nature of businesses on a macro scale.
Practically every year of the last 30 any half way attentive
international investor could double or triple sp500 positive returns
by using foreign mutual funds or etfs. I say half way attentive
because you didn't even have to cherry pick the best - I have lived
that and retired very early. It doesn't come about by sleepwalking
with the large cap US and related intn'l diversified area. Target
sectors of regions for example. Certainly emerging market funds have
been consistently up by hundreds of percent every few years, although
notice I said not to be extrapolated now.
I contest every aspect. Japan stock market has fallen by 75% in last
21 or so years! It's "tiny" impact comprises until recently the second
largest market cap in the world! Broad index funds are cap weighted,
so there has been a great proliferation of "asia ex-Japan" funds and
the like. International funds tend to be largely weighted not only by
Japan but England, which a discriminating investor has avoided. Thus
that whole aging large cap soup of US/UK/Japan/etc is not
representative of intn'l opportunities, rather it is the hall of shame
we have soared over.
You can verify it by checking how only the UK and Greece had
significant defense budgets in the EU, and both of those were suddenly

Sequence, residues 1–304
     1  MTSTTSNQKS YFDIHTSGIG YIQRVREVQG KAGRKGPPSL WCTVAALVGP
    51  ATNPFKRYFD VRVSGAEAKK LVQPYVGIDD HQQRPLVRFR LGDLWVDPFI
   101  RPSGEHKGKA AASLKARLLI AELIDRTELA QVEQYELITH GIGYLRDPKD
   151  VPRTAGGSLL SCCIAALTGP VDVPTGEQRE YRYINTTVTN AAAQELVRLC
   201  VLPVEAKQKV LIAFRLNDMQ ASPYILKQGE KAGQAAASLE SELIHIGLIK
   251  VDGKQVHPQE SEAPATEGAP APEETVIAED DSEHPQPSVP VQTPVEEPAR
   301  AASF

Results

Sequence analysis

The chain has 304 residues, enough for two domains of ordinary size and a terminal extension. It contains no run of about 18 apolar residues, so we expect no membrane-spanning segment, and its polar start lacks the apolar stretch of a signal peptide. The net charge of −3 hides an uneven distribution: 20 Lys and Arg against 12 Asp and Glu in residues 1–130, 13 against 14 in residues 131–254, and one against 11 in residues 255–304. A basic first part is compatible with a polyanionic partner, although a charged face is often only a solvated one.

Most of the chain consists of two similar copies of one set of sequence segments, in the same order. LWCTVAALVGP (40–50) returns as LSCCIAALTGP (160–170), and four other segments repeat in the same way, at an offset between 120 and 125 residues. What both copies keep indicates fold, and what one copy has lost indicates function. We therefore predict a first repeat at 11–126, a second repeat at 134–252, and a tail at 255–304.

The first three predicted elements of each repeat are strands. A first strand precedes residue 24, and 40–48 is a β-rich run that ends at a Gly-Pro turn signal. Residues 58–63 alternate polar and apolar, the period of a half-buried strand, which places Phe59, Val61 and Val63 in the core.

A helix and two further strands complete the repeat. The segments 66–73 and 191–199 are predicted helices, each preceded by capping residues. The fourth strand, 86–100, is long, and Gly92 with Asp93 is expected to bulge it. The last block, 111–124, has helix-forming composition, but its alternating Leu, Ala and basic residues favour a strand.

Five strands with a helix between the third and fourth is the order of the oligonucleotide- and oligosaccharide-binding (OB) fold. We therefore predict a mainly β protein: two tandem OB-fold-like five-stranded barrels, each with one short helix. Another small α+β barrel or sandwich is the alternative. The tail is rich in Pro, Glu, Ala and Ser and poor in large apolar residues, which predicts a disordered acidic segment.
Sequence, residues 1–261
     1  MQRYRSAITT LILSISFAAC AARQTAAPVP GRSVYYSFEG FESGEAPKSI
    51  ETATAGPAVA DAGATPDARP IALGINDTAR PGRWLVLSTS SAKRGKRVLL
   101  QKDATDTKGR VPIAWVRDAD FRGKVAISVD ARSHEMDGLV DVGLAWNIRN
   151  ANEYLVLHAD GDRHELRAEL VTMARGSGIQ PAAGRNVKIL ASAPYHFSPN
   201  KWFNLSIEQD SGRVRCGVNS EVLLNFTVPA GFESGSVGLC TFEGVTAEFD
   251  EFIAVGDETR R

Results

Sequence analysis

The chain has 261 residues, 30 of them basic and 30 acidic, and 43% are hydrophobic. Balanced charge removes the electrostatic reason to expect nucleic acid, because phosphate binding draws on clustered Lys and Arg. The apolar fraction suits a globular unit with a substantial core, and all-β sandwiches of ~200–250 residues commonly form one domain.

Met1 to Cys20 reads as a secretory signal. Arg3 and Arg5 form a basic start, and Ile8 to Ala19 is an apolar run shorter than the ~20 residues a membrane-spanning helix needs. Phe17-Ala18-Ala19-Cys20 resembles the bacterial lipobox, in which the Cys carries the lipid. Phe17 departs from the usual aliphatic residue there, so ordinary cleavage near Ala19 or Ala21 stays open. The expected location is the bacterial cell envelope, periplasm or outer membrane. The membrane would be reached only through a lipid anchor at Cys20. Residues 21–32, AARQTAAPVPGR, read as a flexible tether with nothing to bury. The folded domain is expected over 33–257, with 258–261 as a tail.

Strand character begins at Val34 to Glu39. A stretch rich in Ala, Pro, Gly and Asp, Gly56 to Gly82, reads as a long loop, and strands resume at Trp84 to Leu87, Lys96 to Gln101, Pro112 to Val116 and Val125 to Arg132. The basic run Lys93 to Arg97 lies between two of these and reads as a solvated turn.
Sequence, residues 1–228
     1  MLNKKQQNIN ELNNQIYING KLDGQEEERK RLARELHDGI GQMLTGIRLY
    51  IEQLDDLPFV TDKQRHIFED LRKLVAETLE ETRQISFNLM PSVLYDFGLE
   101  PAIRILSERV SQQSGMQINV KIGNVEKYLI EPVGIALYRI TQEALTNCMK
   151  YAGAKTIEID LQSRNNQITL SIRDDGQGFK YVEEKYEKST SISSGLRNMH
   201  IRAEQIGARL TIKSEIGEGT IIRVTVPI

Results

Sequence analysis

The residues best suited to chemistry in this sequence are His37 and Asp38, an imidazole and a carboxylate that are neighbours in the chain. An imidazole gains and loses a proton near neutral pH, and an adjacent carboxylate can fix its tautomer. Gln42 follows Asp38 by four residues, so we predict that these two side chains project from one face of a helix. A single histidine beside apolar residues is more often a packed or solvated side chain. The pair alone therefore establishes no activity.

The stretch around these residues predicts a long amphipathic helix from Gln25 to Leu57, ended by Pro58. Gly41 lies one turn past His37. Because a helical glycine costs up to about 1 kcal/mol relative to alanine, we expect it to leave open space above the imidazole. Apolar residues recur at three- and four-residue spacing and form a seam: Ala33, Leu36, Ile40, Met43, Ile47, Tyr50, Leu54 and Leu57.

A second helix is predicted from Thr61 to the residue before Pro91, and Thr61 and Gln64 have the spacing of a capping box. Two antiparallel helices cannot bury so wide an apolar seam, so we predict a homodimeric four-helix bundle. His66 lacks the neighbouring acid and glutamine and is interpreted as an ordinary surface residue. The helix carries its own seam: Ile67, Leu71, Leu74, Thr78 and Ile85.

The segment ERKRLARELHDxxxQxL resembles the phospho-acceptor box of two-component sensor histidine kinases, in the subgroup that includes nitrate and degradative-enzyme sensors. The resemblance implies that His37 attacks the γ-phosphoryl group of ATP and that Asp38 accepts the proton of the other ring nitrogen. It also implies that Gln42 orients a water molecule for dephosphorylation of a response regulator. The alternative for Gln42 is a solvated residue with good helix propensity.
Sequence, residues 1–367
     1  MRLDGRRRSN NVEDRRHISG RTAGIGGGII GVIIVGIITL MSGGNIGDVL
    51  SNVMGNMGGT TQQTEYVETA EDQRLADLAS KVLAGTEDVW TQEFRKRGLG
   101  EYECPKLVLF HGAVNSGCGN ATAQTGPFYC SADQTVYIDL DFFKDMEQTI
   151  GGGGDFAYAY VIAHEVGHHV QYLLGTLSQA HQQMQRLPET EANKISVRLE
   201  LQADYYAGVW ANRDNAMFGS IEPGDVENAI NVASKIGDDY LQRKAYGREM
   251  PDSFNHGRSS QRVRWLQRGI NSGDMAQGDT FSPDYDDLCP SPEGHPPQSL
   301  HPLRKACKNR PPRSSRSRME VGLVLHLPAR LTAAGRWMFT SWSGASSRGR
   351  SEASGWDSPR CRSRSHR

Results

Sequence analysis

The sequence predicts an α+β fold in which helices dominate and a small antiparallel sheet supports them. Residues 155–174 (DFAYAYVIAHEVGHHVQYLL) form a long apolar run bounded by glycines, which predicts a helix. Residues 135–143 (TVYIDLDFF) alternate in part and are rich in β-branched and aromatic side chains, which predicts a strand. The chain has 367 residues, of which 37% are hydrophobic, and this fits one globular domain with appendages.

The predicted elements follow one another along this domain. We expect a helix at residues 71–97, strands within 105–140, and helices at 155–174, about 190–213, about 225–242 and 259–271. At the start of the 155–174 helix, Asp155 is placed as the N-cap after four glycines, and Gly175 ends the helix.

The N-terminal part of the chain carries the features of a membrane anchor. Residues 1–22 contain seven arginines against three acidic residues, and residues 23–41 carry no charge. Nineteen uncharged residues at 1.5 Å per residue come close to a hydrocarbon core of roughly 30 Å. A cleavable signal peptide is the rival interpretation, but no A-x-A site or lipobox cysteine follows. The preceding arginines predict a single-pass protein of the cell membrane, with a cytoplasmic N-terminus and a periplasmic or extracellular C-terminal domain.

slashed. The US maintains a growing responsibility with about 24%
defense budget. Meanwhile there is a book out urging the US to take up
the Euro example of about 10 weeks holiday off per year, free college
and generous welfare etc because it appears to work so well in Euro
economies. Now that the veil is off, and non teutonic eu countries
such as UK are facing stagnant growth, hardly encouraging for
investing in a cap weighted Euro investment. Well, maybe so, if they
can continue to freeload defense responsibilities for the world
democracies, just like in their 1930's debacle.
The underwear price has been greatly lagging the cotton price rise,
even when you consider it is a fraction of manufacturing cost. Do you
understand the pipeline delay effect? Cotton can drop in half and
underwear price will still rise and not drop. Are you saying
underwear appreciation won't exceed the total return of treasuries,
and rampant wage inflation in the SE Asia manufacturing region will
have no effect? Why on earth try to score points about underwear?
That is the path to avoid mistakes, but to remain a wage slave. It
assumes the reader is either uncertain or has a reckless streak that
needs to be restrained. On the other hand, the reader can spend a few
years thinking big yet experimenting with a tiny fraction of your
portfolio - just enough to keep your interest and honestly recognize
pain vs gains from it. May find one has a talent for some investment
areas and a good enough track record to seriously pursue it.
I thought my earlier posts had been laced with enough caveats so that
Elle or others needn't go on the warpath, at least about underwear
I do not consider the last 20-30 years relevant here, first because I
think the number of international funds available 20-30 years ago was
minuscule compared to the number available today (with corresponding
higher cost 20-30 years ago), and second because I think that U.S.
based companies tended to become exponentially more exposed to
You fail to demonstrate that Japan's crash affected the S&P 500, for
Financially speaking, I do not think your political views are useful
in this forum.
You also omit how the U.S. defense budget helps the U.S. economy.